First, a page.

1. When the reboot of Queer Eye first began, the team auditioned over 300 men, then narrowed it down to 60, and THEN took those 60 in for chemistry tests to see who would work well together.
2. Karamo Brown was too late to audition for the show and was told by his agent that Netflix had closed casting because they already had 40 great candidates.
3. However, Karamo’s agent is a true hero, because he pitched him over the phone to the show’s senior vice president of casting, and then Karamo had to sell himself as a culture expert.
4. Karamo and Bobby Berk were the first to bond really well in the chemistry test from the production standpoint.
5. Tan France and Jonathan Van Ness were the next two who were cast, followed by Antoni Porowski.
6. Tan actually didn’t plan on auditioning for the show, but was sought out from his social media presence.
7. The show’s casting director, Danielle Gervais, says that there’s a huge checklist that a candidate has to meet before being featured at the center of an episode.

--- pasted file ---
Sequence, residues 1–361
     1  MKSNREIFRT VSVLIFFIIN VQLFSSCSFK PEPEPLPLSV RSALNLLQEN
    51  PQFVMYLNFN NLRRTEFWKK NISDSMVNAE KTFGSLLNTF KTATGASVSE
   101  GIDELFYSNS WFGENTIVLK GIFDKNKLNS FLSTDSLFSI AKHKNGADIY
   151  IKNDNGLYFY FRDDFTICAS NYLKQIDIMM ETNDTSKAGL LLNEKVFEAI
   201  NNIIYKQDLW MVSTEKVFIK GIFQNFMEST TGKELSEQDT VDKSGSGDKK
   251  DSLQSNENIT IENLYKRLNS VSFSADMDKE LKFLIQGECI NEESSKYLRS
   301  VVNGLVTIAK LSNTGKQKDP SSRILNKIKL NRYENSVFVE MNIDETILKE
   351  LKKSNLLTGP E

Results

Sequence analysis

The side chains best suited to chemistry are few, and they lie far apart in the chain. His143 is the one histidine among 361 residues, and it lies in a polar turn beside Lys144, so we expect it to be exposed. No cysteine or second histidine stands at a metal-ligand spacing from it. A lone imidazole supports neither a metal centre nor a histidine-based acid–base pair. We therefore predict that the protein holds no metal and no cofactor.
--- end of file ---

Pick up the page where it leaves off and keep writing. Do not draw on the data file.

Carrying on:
8. And, of course, a candidate (often referred to as the hero of an episode) has to be open to being vulnerable on TV in order to be cast.
9. Gervais also says that it’s the people who are nominated by someone else, rather than themselves, who are the best fit to be a hero on the show because they don’t see it coming.
10. The staff keeps in touch with past heroes who’ve been featured on the show and say that they’re all doing great.
11. The show’s creator, David Collins, says the reason why the reboot works so well is because the audience really gets to know who the Fab Five are as people.